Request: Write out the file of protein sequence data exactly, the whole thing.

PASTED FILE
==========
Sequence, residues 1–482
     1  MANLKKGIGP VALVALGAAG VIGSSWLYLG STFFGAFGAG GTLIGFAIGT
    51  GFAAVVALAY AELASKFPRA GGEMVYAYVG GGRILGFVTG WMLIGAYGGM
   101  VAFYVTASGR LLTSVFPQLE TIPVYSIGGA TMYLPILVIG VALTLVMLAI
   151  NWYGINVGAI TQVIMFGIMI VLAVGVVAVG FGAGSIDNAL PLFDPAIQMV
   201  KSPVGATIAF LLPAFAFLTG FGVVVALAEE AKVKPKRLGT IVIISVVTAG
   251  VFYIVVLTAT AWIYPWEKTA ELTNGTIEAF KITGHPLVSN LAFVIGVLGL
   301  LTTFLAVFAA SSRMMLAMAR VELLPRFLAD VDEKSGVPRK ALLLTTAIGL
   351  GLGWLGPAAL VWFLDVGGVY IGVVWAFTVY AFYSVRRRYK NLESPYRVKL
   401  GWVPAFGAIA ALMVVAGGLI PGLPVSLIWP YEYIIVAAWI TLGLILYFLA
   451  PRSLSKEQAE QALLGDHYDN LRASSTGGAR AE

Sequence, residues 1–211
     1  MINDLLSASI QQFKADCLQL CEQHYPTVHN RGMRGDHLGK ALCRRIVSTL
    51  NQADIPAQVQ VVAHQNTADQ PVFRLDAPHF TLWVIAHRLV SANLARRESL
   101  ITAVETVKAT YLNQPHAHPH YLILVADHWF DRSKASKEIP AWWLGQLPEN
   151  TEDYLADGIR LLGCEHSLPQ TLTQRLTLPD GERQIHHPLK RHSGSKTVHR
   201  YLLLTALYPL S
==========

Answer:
Sequence, residues 1–482
     1  MANLKKGIGP VALVALGAAG VIGSSWLYLG STFFGAFGAG GTLIGFAIGT
    51  GFAAVVALAY AELASKFPRA GGEMVYAYVG GGRILGFVTG WMLIGAYGGM
   101  VAFYVTASGR LLTSVFPQLE TIPVYSIGGA TMYLPILVIG VALTLVMLAI
   151  NWYGINVGAI TQVIMFGIMI VLAVGVVAVG FGAGSIDNAL PLFDPAIQMV
   201  KSPVGATIAF LLPAFAFLTG FGVVVALAEE AKVKPKRLGT IVIISVVTAG
   251  VFYIVVLTAT AWIYPWEKTA ELTNGTIEAF KITGHPLVSN LAFVIGVLGL
   301  LTTFLAVFAA SSRMMLAMAR VELLPRFLAD VDEKSGVPRK ALLLTTAIGL
   351  GLGWLGPAAL VWFLDVGGVY IGVVWAFTVY AFYSVRRRYK NLESPYRVKL
   401  GWVPAFGAIA ALMVVAGGLI PGLPVSLIWP YEYIIVAAWI TLGLILYFLA
   451  PRSLSKEQAE QALLGDHYDN LRASSTGGAR AE

Sequence, residues 1–211
     1  MINDLLSASI QQFKADCLQL CEQHYPTVHN RGMRGDHLGK ALCRRIVSTL
    51  NQADIPAQVQ VVAHQNTADQ PVFRLDAPHF TLWVIAHRLV SANLARRESL
   101  ITAVETVKAT YLNQPHAHPH YLILVADHWF DRSKASKEIP AWWLGQLPEN
   151  TEDYLADGIR LLGCEHSLPQ TLTQRLTLPD GERQIHHPLK RHSGSKTVHR
   201  YLLLTALYPL S